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The Parker Films: The Outfit (1973)

September 14th, 2020
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I’m continuing continuing my look at the films based on Donald E. Westlake (written under the pseudonym Richard Stark)’s Parker character.  Click here for my review of 1967’s Point Blank, starring Lee Marvin, an adaptation of the Parker novel The Hunted.  Click here for my review of 1968’s The Split, starring Jim Brown.  Now we come to 1973’s The Outfit, starring Robert Duvall!

The Outfit is based on the Westlake novel of the same name.  Robert Duvall plays the Parker role, though once again they don’t call the character Parker — in this film, he’s Earl Macklin.  After getting released from prison, Macklin discovers his brother has been killed, and he only narrowly escapes the hitman hired to kill him.  It seems the bank that the brothers robbed was an operation run by the Outfit, the nickname given to a large criminal organization.  (Back in Point Blank, they called it the Syndicate.)  So Macklin recruits his old comrade in crime Cody (Joe Don Baker) and starts hitting one Outfit operation after another in a quest for retribution, as well as the quarter million he feels he’s owed for his trouble.

I enjoyed The Outfit, mostly for the fun of seeing the young, virile Robert Duvall and Joe Don Baker in their primes!  But the film is a step down in quality, in my opinion, from Point Blank and The Split.  It’s a little shaggier, a little less tense, a little less compelling.

The overwrought soundtrack hurts the film.  It’s too on the nose.  For example: right off the bat, the film opens with super-dramatic music playing over shots of a car driving.  The music makes it seem like a Big Dramatic Moment, but nothing is really happening.   It’s off-putting.  Only a few minutes later, we see Macklin getting out of prison and there’s extremely cliche harmonica music playing on the soundtrack, and I knew we were in trouble.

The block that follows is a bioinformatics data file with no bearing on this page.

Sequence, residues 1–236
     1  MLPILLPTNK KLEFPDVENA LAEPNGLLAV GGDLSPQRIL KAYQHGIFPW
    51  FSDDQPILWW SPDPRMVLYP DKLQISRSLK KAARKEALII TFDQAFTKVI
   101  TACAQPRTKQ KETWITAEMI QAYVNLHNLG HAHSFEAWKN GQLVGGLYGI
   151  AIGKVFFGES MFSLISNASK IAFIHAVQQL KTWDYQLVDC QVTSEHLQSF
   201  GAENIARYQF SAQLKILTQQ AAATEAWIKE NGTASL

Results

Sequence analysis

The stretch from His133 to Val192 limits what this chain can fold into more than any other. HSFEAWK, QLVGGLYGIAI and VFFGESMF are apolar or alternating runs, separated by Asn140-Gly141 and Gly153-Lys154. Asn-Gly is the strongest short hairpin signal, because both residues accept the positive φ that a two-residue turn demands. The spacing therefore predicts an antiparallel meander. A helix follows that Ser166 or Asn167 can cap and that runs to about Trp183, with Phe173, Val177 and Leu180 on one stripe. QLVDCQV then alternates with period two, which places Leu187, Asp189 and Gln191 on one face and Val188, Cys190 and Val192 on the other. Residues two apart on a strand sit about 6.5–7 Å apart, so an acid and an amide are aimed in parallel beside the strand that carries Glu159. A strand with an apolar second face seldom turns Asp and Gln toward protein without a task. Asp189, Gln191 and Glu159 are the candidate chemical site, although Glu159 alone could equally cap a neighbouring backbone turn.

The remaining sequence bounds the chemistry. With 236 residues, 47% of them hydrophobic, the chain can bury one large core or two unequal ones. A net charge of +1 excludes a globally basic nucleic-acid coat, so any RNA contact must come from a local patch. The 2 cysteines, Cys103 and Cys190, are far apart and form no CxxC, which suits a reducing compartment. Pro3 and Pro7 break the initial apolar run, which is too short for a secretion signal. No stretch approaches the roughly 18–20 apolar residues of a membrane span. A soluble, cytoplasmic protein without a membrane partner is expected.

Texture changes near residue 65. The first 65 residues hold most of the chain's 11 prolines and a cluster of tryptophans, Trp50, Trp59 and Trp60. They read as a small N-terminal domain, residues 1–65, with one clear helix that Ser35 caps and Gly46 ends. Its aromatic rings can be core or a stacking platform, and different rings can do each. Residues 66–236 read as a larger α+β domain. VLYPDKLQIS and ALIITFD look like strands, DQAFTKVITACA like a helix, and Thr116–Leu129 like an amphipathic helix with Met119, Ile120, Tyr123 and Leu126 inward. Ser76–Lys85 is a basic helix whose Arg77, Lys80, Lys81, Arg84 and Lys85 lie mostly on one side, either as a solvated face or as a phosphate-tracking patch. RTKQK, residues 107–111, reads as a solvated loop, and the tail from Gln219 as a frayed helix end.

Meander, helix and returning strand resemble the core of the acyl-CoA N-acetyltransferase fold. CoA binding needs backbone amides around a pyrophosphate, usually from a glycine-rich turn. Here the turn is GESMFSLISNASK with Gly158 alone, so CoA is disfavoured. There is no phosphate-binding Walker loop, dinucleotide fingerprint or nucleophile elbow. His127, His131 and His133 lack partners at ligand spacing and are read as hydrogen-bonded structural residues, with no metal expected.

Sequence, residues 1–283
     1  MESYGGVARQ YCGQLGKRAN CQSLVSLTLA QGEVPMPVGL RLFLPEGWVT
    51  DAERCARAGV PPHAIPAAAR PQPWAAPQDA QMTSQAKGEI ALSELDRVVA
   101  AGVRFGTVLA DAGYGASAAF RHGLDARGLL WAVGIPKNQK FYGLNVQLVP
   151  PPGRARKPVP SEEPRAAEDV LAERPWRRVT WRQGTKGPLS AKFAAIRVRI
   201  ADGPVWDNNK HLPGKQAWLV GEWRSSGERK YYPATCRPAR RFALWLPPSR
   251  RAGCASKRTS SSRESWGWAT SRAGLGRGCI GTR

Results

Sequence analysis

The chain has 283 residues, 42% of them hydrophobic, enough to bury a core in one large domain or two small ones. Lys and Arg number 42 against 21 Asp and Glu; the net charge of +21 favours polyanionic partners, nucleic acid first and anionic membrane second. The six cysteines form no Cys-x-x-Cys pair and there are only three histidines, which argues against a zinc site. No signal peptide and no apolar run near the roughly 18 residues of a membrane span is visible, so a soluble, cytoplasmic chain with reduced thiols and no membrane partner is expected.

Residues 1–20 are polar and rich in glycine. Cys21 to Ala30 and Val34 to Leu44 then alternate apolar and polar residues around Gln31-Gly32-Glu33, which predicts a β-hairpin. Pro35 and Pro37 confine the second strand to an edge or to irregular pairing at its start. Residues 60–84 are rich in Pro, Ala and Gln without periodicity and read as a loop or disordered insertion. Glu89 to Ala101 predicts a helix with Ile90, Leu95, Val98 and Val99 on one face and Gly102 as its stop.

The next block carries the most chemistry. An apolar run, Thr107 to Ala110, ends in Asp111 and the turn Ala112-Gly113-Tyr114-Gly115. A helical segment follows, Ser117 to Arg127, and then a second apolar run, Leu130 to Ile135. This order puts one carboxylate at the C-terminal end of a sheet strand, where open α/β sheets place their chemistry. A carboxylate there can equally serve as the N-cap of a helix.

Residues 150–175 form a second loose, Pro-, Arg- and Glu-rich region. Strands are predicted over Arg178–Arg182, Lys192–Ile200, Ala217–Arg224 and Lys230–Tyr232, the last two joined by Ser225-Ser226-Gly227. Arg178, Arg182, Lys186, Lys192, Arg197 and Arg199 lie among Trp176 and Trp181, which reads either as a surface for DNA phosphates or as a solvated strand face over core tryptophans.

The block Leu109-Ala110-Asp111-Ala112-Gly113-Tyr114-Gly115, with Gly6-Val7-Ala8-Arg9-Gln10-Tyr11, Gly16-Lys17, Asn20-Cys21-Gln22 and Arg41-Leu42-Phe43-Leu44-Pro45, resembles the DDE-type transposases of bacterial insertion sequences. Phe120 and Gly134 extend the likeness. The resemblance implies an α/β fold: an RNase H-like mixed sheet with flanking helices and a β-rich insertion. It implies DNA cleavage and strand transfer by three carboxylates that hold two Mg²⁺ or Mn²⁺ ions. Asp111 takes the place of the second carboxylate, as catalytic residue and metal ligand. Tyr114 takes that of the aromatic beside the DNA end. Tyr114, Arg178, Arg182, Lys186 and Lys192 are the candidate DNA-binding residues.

Robert Duvall is always great, and it’s fun to see him in a man-of-action leading roll.  I wish the script gave him more depth of character to play.  It worked for Lee Marvin (and also Jim Brown) to play mostly silent tough guys, but the Macklin character is less compelling.  Part of this is the fault of the weak script, but also I think Duvall is the wrong actor for this type of role.  I know he’s so good, that watching the film I kept wishing he had more meaty stuff to play.  But that being said, even in a mediocre film, Duvall elevates the material.  He’s magnetic on screen.

Also great: Joe Don Baker!  To be honest, I’ve often found his persona to be something of a joke to me in the past.  But wow, he is dynamite here as Macklin’s right-hand-man Cody!  It’s not a deeply-written role, but Mr. Baker’s intensity and charisma just blows everyone else (except Robert Duvall) off the screen.  (I love the scene that introduces Cody, when he stares down two thugs sent to intimidate him at the diner where he works.)